Iraqi-Americans Celebrate End to Gulf War Hostilities
DETROIT (AP) _ Aram Yasso and his brother, Adnan Yasso, popped open a bottle of champagne in their liquor store and cheered when President Bush announced the Persian Gulf War was about to end.
″This is very good, I was for the U.S. from the beginning and now it’s finally over,″ Aram Yasso, an Iraqi native, shouted from behind the Plexiglas separating him from customers Wednesday night.
The Yassos and their brother-in-law, Sam Toma, chatted excitedly among each other, pausing only to wait on customers. The men said they still worried about relatives they haven’t heard from in Iraq, and were concerned about the future of the Iraqi people.
″If that guy (Saddam) stays in power no one will be safe,″ Toma said. ″Until he gets killed, they are still in trouble.″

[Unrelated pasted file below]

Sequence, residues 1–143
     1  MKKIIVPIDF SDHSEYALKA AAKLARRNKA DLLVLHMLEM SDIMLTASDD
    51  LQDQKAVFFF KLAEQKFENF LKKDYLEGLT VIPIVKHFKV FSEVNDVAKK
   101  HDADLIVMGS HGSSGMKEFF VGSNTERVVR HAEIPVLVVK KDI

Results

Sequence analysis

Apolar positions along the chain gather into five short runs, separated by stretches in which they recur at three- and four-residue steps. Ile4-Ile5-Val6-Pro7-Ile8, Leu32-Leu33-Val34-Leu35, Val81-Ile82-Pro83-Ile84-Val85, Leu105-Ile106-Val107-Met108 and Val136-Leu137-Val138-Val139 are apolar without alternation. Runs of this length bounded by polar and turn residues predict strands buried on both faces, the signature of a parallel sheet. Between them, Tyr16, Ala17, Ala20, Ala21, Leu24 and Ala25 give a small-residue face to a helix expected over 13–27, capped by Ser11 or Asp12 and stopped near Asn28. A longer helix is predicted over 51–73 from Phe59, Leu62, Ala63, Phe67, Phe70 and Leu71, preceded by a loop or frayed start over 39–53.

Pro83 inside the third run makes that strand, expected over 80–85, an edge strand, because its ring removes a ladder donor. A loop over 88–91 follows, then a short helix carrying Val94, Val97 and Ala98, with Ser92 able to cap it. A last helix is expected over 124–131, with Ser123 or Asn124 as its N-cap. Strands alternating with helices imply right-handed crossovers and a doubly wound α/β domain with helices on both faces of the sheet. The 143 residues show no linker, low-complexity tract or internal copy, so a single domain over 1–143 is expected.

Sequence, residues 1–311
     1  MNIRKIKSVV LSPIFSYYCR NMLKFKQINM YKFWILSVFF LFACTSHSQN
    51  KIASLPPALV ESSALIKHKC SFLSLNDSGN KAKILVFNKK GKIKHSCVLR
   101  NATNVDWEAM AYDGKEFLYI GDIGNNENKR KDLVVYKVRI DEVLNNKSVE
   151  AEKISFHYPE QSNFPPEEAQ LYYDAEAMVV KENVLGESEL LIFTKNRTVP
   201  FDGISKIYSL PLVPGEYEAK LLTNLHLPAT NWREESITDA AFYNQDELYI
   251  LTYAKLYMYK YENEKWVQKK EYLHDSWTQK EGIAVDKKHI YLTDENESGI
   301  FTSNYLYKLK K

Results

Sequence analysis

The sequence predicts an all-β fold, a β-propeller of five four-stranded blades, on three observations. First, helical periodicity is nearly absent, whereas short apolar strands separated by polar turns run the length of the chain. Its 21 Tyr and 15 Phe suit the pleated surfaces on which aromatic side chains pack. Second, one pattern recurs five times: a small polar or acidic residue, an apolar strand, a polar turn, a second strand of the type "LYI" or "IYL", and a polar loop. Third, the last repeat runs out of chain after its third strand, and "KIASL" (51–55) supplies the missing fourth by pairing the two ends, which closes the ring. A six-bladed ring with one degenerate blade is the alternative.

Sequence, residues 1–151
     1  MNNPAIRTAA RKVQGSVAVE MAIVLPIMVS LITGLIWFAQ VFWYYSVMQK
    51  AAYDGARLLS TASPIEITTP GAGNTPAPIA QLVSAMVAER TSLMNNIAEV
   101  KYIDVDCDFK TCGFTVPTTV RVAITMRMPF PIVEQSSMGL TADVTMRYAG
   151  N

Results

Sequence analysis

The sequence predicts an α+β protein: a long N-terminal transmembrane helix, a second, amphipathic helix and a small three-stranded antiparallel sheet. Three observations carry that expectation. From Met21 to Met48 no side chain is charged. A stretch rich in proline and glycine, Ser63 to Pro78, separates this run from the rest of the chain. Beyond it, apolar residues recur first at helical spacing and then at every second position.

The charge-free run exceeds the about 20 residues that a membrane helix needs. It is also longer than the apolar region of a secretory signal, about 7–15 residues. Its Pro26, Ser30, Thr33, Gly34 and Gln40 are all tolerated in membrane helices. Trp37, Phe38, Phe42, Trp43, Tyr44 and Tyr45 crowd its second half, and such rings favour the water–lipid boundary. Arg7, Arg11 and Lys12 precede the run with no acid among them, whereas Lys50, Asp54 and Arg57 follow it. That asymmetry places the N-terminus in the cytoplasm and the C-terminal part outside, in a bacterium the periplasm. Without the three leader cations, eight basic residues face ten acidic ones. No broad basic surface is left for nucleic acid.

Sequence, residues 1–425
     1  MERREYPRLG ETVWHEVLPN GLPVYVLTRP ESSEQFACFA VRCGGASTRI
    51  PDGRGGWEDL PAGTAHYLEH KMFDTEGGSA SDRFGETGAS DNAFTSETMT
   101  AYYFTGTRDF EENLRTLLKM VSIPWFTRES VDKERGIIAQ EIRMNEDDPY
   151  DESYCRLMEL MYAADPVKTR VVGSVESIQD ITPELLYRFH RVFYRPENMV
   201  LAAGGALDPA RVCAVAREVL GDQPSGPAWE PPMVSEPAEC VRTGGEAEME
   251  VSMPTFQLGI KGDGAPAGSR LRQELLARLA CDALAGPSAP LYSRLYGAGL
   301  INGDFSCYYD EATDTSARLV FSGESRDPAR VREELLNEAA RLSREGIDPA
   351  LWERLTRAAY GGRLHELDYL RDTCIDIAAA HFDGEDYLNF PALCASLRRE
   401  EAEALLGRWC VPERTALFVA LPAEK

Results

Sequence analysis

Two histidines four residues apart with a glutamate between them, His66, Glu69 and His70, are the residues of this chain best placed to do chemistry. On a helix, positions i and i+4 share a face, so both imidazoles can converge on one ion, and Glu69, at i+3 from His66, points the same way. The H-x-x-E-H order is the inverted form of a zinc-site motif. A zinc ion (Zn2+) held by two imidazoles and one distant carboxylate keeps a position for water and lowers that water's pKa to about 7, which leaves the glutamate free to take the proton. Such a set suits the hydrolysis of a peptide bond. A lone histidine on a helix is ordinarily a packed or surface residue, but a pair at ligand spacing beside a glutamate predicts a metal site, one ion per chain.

The Yassos are Chaldeans, Christian Iraqis. Their store is on a main thoroughfare in the city’s Chaldean neighborhood. Many of the customers who came by Wednesday night shared similar sentiments.
Salah Kulato, the Iraqi-born operator of an AM radio station that caters to a Middle Eastern audience, said he was happy peace would come soon to his native land.
″I don’t support any war, not even Saddam’s,″ he said. ″It’s ugly and it costs a lot of money. I want peace for people on all sides.″
Bush announced hostilities would be suspended starting at midnight Wednesday, EST. Iraq invaded Kuwait on Aug. 2, 1990. Then on Jan. 17, allied forces attacked Iraq to force it out of Kuwait; a massive ground campaign began on Saturday.
An American flag was draped over the entrance to Narro’s Party Store on the outskirts of Dearborn. Inside, the store was decorated with miniature stars and stripes.
″I put that up the day we went to war,″ said Haytham Narro, the owner, referring to his patriotic decorations. ″I’m glad for the people of Kuwait, but Iraq needs to get rid of Saddam.″